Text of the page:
FLAMINGO is a pair of small architectures each only having a built area of 20 m2, rising in a boisterous city environment between a national highway and an elevated railway.
A small building plot means that the interests regarding the space are inevitably drawn up vertically, that is, toward the cross-sectional design.
The "rules" here is a configuration using a "cross-sectional C-shape" frame. Making "cross-sectional C-shape" frames which differ slightly in the vertical direction to face one another generates not only the floors to serve as living space, but also generates openings and vaulted ceilings. Such architectural components are not intentionally created, rather, they naturally arise from setting the "rules". For example, all openings except for the two escape openings are generated purely from these "rules".
Also, due to the extraordinarily small floor area, "passing points" such as the stairwell are also used as the bath, lavatory, study, and so forth. Such a program should be a viable option in areas where land prices are prohibitively high, such as Tokyo. Instead of conceiving the size and shapes of rooms according to how they will be used, and then working out the puzzle of how to realize them, this method for room layout first sets the "rules", and then later decides which space will become which room, with no more than "it just happens to look right". This allows the actions of the dweller to be freer from the program laid down by the architect.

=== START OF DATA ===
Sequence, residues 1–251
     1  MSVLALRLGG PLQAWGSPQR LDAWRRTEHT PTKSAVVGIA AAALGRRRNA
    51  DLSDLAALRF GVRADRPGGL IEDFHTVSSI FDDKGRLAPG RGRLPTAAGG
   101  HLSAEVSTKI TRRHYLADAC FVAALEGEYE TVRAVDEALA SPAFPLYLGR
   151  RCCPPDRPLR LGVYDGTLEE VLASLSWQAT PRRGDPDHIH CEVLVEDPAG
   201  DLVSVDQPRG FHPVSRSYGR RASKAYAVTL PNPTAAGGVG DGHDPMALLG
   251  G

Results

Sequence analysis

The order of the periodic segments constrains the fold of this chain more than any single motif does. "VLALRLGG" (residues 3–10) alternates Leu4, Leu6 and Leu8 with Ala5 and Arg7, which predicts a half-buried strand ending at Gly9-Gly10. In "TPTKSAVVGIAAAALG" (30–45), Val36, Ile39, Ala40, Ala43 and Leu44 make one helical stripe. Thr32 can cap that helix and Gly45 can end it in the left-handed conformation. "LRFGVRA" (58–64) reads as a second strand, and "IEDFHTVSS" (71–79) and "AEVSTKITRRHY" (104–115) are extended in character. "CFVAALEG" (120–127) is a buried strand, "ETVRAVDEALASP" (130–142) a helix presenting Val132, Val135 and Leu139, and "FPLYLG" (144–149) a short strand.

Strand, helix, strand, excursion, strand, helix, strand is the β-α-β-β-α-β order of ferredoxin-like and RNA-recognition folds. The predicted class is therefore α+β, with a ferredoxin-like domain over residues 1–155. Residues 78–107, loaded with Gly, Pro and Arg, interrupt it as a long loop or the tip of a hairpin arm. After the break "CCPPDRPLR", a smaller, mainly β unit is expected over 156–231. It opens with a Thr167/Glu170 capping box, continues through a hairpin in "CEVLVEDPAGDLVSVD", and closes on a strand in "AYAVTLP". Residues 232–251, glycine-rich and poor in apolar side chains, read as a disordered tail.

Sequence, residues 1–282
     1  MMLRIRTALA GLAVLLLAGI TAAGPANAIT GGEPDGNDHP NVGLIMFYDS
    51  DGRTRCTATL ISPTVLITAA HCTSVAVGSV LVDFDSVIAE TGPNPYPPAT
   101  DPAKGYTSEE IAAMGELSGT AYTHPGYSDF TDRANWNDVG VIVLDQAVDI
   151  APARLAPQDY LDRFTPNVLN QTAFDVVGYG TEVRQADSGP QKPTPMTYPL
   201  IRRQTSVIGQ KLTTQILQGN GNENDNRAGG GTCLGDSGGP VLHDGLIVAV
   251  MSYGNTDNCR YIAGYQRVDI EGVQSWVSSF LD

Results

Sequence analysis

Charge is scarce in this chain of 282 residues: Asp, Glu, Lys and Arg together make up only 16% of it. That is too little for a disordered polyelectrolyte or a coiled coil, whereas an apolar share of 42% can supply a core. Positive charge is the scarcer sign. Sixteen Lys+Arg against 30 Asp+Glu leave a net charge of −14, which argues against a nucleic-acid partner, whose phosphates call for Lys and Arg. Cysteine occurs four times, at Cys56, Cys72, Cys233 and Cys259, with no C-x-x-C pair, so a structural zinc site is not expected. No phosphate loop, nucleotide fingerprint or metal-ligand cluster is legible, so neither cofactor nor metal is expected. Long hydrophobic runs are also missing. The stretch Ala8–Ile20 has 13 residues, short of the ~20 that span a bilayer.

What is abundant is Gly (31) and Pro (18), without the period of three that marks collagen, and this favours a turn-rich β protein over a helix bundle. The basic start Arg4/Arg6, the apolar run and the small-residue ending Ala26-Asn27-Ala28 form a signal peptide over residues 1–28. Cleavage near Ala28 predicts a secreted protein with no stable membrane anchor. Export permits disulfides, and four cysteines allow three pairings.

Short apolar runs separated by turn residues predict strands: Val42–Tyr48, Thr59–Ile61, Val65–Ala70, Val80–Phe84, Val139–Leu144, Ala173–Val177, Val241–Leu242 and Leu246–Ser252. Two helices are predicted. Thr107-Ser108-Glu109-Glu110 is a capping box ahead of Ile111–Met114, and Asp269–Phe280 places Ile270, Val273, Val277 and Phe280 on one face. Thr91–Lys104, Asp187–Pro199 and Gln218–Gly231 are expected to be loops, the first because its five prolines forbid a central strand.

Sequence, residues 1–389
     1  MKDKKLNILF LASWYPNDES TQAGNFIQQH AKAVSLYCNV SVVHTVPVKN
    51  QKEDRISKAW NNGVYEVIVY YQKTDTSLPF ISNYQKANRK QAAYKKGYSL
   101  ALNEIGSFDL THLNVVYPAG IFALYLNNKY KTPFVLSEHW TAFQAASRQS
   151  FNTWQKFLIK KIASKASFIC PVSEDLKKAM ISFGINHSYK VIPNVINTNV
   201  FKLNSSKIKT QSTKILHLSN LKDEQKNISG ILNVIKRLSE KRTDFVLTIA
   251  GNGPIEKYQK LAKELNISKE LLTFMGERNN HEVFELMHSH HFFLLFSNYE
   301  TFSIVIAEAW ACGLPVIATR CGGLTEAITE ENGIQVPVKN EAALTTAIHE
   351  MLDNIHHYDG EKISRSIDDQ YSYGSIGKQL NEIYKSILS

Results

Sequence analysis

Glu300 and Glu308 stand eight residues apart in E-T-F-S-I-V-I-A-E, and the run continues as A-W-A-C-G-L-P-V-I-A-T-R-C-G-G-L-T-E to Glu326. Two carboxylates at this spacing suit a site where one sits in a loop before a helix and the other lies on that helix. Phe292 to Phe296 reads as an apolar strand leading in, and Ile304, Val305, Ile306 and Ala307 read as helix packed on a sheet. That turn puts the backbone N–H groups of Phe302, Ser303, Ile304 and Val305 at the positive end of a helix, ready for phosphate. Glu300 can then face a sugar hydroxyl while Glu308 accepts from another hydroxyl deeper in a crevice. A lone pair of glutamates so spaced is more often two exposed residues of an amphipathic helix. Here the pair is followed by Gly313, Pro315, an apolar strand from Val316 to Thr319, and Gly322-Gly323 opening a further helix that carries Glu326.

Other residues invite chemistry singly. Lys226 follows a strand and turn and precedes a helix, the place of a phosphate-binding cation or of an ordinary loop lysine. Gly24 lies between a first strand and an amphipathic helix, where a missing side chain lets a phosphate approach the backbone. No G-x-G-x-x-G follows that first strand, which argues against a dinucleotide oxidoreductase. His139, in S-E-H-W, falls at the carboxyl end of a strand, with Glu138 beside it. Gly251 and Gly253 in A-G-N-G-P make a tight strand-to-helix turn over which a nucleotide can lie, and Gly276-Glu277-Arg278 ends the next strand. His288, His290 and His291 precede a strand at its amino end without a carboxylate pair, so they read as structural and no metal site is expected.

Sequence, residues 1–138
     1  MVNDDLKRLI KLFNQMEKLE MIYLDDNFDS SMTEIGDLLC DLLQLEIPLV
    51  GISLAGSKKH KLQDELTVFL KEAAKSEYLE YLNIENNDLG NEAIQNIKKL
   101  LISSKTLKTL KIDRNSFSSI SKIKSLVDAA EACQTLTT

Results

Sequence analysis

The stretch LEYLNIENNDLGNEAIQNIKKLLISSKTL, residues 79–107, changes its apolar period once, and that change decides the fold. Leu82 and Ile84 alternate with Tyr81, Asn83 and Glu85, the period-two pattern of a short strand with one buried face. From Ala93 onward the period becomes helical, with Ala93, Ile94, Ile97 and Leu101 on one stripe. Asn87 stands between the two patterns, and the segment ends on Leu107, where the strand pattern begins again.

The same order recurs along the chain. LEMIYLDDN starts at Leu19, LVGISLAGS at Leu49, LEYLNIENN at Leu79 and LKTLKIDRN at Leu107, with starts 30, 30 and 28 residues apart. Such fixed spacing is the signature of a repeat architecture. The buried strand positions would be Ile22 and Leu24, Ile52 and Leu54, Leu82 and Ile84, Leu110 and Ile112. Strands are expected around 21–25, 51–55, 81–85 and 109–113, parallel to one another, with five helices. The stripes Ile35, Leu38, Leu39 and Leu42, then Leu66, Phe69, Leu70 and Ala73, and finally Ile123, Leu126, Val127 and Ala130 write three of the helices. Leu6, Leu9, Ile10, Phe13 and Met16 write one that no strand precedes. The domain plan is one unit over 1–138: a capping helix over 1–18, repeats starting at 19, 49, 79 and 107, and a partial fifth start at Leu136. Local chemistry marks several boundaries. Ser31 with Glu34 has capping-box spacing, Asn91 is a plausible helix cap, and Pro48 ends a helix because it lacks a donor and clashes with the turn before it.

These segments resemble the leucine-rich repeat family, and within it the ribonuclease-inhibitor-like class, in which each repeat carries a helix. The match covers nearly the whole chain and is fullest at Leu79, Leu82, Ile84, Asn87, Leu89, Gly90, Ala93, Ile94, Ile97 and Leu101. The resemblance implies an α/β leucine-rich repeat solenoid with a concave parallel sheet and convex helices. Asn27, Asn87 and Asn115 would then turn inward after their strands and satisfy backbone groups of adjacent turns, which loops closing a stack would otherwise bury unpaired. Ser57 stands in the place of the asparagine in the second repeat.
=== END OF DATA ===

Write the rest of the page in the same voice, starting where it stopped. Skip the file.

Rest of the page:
While FLAMINGO may be astonishingly small, its naked frame appears to be standing tall and unyielding in the throes of the surrounding urban ugliness.